“Twisted Base” is the first runner for Disc Two, and is a very good introduction indeed. At first it might sound like it is simply another version of “Pre-emptive Attack” and “Moonbase,” but listen carefully and objectively enough and you will realise it is really quite unique and effective. While the sample set used for the aforementioned tracks is relatively unaltered, we have some wonderful sound effects to add to the already industrial tone. The first to feature, after a slightly unproductive opening note is that of a sheet of thin metal blowing, perhaps, in wind generated by a factory-style backdrop we come to imagine as a listener, developing into a peculiar scraping metal effect, that sounds like workers filing harsh, metallic documents. After the re-use of these two sound effects in conjunction with some extra futuristic drumbeats an unusually robotic voice enters that makes a noise that sounds like a scornful laugh or machinery working against each other. There is even an inclusion of what sounds like number keys vigilantly being pressed into a phone or password protected device &#151 does it work? Certainly. It was a very nice take, I thought, on the incidental techno concept, and can create defined imagery in the mind of a listener as well as suitably supporting and adding to the actual location for a gamer. It is most unfortunate that the follow-up track couldn’t follow in the same creative footsteps. Instead, “People Inside a Fence” comes off sounding more like the town theme “Rust Colour” from the previous disc. The acoustic guitar does well in providing a relaxed country feel but also seems more liberal than the piece I compared it to, which gives the title a hint of irony. It is a pleasant song, but nothing that is going to stand out after you have finished listening to the album. At least it does not suffer from “Air Harmony” syndrome, however, which is likely to only be remembered in an annoying light. To me, and it might only be a personal opinion, when put together with the gaudy visuals of the scene in the game, “Air Harmony” becomes awfully irritating, much in the same sort of dazzling, excessively happy way that Uematsu’s “Gold Saucer” from Final Fantasy VII did. I found it overwhelming to be honest, and it put me off of the track for good, though in all fairness there was little better that could have been done with concept.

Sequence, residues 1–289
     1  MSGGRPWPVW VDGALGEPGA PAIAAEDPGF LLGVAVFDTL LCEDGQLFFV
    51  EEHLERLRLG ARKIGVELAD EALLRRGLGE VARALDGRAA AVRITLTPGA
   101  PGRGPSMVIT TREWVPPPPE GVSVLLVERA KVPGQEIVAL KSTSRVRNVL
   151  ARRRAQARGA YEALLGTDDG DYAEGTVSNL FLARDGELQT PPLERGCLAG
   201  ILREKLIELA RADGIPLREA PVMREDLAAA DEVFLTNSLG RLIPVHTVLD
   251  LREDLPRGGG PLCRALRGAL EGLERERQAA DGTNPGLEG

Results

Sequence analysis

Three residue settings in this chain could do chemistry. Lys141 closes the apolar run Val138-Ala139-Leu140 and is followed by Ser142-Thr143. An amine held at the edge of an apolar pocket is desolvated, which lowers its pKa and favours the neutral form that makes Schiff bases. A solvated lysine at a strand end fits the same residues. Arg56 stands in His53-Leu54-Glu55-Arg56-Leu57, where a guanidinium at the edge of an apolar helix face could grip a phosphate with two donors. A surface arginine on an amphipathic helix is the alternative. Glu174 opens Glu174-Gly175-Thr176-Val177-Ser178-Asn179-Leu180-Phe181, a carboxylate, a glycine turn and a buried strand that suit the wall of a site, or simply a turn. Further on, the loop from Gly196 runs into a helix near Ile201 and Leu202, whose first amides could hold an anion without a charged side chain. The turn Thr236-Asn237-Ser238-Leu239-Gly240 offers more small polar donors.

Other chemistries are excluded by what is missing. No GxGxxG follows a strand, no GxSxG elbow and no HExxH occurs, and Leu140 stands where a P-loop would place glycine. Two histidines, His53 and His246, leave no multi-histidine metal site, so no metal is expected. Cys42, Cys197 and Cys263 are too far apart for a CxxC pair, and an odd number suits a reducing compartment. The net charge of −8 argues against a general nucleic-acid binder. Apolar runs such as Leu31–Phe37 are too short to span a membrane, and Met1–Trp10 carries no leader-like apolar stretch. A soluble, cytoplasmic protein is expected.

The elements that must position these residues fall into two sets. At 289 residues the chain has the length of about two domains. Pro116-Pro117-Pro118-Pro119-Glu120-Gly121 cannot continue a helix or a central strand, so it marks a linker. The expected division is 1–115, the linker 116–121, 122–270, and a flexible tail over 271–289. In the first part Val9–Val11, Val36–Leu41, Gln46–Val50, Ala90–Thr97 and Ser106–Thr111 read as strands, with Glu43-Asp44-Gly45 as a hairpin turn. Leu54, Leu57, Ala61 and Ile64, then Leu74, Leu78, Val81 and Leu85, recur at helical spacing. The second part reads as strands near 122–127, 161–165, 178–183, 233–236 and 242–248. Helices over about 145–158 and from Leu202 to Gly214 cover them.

It is lucky that we have one of the best boss themes on the album to make up for the last track then. “Bitter Dance” is the only electronica rap song I can recall in an RPG, but it definitely works and grants another variety to the soundtrack. It was certainly a surprise when I first heard it in the game, especially since it accompanied a few particularly hard boss battles &#151 It gave off the power it needed to while also staying almost sardonically calm and collected. The main synth motif reminds me of an evil fairground idea through its near playfulness, and the cheesy lyrics somehow add to the song in their own funny way; “Some dance, while I put you in a trance” seems particularly appropriate wording given the stream of consciousness I get when I hear the piece &#151 irresistible &#151 dance &#151 death &#151 possessing &#151 hypnotizing are just some of the words that throw themselves at me. Why it is so effective on the album however, is that it is a fully realised piece, and by the end, just before it loops, its addictiveness has fully settled in, willing its own success. It might not be as powerful as “The Divine Spirit of Language,” but it does not need to be. The next boss theme, “Powerbroker,” takes the proposal of power to a whole new level though. Thanks, in the main, to the sinister chord progressions of the brass and despairing vocals, this seems stronger than any battle theme before it, showing off the absoluteness of the 4D beings. It inspires dread almost to the same degree as “Imperial Garden” from Star Ocean -Till the End of Time- Original Soundtrack Vol. 1, and is a successful addition for it; I thought the brief use of the piano at the end worked really well too.